The power of his music was especially felt in his own "breakdowns." These were parties or dances held at his home in East Waldoborough. The old gentleman loved company and frequently invited groups of the younger generation to his home. On these occasions the Evil One would lend his full power and charm to the sounds emanating from Uncle Faltin's strings. The old fellow would play the instrument with complete abandon, and the madness of his music would enter the very blood of the dancers and cause them to sway and whirl in passionate ecstasy, until they collapsed from dizziness and exhaustion. When, in the late hours, the swains would repair to the barn to hitch the horses in the pungs for the journey home, to their amazement they would find the barn and barnyard in a state of dire chaos and confusion--horses wild eyed, lathered with sweat and quivering; horses with tails braided together; horses harnessed to the wrong sleds; horses hitched in with their heads at the whiffletree ends and their tails at the thill ends. While Uncle Faltin's inspired music had been working strange miracles in the house, his accomplice had been working comic effects in the barn. Thus the "breakdowns" would break up amid scenes of mirth and wild confusion.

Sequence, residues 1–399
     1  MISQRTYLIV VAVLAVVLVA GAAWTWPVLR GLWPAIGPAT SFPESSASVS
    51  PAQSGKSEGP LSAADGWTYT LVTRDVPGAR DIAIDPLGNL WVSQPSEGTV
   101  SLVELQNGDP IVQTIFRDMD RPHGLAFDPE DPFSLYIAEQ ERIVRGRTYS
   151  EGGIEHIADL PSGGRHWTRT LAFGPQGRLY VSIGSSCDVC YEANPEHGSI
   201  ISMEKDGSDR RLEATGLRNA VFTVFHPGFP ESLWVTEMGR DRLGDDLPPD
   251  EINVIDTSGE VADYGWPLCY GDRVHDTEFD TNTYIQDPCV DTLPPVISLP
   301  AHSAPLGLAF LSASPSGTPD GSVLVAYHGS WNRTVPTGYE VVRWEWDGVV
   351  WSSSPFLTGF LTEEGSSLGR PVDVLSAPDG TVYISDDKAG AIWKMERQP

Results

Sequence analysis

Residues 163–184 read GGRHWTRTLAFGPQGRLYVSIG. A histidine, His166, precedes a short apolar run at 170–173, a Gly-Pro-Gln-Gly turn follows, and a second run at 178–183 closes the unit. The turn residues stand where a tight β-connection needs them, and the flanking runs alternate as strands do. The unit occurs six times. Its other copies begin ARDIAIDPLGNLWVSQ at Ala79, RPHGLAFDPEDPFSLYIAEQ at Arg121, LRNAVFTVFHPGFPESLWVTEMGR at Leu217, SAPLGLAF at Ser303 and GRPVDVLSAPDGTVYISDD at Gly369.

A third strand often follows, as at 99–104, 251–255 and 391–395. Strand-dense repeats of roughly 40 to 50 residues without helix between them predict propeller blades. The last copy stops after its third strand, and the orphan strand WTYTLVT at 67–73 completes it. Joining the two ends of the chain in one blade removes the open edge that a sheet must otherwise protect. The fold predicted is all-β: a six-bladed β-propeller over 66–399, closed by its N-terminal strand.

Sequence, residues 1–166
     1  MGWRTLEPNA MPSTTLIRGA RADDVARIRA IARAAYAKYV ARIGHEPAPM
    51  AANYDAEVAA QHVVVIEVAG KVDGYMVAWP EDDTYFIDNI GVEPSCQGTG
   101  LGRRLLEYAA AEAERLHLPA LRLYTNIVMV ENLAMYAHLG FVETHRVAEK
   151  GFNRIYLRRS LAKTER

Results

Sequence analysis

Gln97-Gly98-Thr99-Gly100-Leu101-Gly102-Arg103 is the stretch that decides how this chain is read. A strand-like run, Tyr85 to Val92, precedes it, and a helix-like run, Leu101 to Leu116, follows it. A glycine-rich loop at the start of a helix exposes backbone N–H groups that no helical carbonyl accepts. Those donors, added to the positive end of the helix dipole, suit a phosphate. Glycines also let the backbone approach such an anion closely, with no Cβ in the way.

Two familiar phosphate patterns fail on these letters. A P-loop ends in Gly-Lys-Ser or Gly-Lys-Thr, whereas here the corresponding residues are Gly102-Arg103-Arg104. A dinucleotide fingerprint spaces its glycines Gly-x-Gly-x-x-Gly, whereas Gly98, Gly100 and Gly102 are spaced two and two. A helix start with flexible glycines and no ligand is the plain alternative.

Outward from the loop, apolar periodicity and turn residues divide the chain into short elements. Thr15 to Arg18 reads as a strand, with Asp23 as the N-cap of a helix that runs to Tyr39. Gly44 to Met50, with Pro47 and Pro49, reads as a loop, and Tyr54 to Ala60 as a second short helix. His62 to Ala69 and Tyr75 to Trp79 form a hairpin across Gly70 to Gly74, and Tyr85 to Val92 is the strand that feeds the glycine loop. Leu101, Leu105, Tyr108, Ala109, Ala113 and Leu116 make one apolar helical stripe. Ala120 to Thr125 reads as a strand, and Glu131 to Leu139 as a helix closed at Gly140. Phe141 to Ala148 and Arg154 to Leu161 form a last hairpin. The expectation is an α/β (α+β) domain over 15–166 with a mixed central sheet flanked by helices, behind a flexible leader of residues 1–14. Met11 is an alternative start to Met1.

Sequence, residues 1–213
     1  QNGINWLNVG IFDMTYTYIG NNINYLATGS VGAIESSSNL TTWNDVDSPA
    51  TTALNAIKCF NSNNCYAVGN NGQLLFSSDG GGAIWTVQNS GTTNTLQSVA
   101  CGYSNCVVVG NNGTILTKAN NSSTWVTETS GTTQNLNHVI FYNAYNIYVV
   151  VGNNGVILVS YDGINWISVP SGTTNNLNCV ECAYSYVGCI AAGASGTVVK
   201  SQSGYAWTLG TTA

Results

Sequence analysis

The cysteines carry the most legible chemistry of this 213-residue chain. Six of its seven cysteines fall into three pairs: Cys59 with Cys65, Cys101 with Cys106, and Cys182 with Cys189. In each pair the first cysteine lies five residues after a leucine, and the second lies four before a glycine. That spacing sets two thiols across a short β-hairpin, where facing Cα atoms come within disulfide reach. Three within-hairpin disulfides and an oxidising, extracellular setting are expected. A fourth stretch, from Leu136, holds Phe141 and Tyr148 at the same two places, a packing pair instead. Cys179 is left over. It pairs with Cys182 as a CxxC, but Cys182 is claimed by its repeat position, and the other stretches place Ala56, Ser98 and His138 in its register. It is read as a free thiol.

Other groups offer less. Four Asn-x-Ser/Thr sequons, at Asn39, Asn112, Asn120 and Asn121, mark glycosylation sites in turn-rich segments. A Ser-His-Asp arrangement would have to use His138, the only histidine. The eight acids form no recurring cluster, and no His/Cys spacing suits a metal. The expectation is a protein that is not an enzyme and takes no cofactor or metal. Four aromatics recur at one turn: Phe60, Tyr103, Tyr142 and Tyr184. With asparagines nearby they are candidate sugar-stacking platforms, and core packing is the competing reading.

Uncle Faltin was an exponent of the easy life. He was also a good neighbor who believed in helping those who were confronted by situations involving labor and strain, which he so detested. The story is told how he moved Jack Russell's barn with a rooster and a piece of string. Jack was one of Uncle Faltin's neighbors. In arranging to change the location of his barn, he had dug a cellar, rocked it up, and prepared everything for the major task of moving the structure. To this end he had set the day and invited all his neighbors to a "moving bee." Uncle Faltin chafed at all these laborious preparations and humorously observed that he could move Jack's barn with a piece of string and his rooster. But why with a rooster? Ever since the cock crew nearly two thousand years ago marking the Christ's betrayal by Peter, this bird has been connected with the powers of darkness and has stood in ill repute. True to his word, and on a day when the Russells had all gone to town to insure adequate refreshments for "the bee" on the next day, Uncle Faltin was seen sneaking down the road, in the direction of the Russell farm, with his rooster under his arm and a piece of twine dangling from his pocket. When Jack returned from town, he found to his amazement the barn on its new foundation with all its timbers true and in plumb. What happened in Jack Russell's absence has never been determined with entire exactitude, but the barn was moved!